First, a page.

1. substantial risk of physical harm to himself as manifested by threats of or attempts at suicide or serious bodily harm or other conduct demonstrating that he is dangerous to himself, or
2. a substantial risk of physical harm to other persons as manifested by homicidal or other violent behavior by which others are placed in reasonable fear of serious physical harm.
* * * * * *
The director shall admit such person pursuant to the provisions of this section only if a staff physician of the hospital upon examination of such person finds that such person qualifies under the requirements of this section. Such person shall not be retained for a period of more than forty-eight hours unless within such period such finding is confirmed after examination by another physician who shall be a member of the psychiatric staff of the hospital.... If at any time after admission, the patient, any relative, friend, or the mental hygiene legal service gives notice to the director in writing of request for court hearing on the question of need for immediate observation, care, and treatment, a hearing shall be held as herein provided as soon as practicable but in any event not more than five days after such request is received, except that the commencement of such hearing may be adjourned at the request of the patient.
* * * * * *
(b) Within fifteen days of arrival at the hospital, if a determination is made that the person is not in need of involuntary care and treatment, he shall be discharged unless he agrees to remain as a voluntary or informal patient. If he is in need of involuntary care and treatment and does not agree to remain as a voluntary or informal patient, he may be retained beyond such fifteen day period only by admission to such hospital or another appropriate hospital pursuant to the provisions governing involuntary admission on application supported by medical certification and subject to the provisions for notice, hearing, review, and judicial approval of retention or transfer and retention governing such admissions.... *416 N.Y. MENTAL HYG.LAW § 9.39(a) & (b) (emphasis added).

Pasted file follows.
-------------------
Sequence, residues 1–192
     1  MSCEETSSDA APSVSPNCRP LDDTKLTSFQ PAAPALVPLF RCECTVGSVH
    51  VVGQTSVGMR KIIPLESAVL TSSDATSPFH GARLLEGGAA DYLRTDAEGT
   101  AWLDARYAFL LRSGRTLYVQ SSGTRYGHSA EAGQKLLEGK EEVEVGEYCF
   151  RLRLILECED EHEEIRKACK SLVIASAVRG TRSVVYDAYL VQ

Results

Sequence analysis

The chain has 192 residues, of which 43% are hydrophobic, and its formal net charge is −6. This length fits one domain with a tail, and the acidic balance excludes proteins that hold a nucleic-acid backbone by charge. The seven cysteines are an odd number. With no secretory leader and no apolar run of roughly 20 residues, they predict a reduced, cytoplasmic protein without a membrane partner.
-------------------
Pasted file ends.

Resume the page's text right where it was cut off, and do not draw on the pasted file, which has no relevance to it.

[1] The relevant portions of § 9.37 can be found in Appendix A to this opinion.

[2] The relevant portions of § 9.39 may be found in Appendix B to this opinion.

[3] Bagatta also claims she was denied food and drink in her room, access to dental floss and a dentist, and was subjected to involuntary medication. Id. pars. 41-44.

[4] The relevant portions of the text of § 1983 is as follows:

Every person who, under color of any statute, ordinance, regulation, custom, or usage, of any State or Territory or the District of Columbia, subjects, or causes to be subjected, any citizen of the United States or other person within the jurisdiction thereof to the deprivation of any rights, privileges, or immunities secured by the Constitution and laws, shall be liable to the party injured in an action at law, suit in equity, or other proper proceeding for redress.

[5] The "under color of state law" requirement has been held to be the equivalent of "state action" for the purposes of the Fourteenth Amendment. See Rendell-Baker v. Kohn, 457 U.S. 830, 838, 102 S. Ct. 2764, 2769-70, 73 L. Ed. 2d 418 (1982).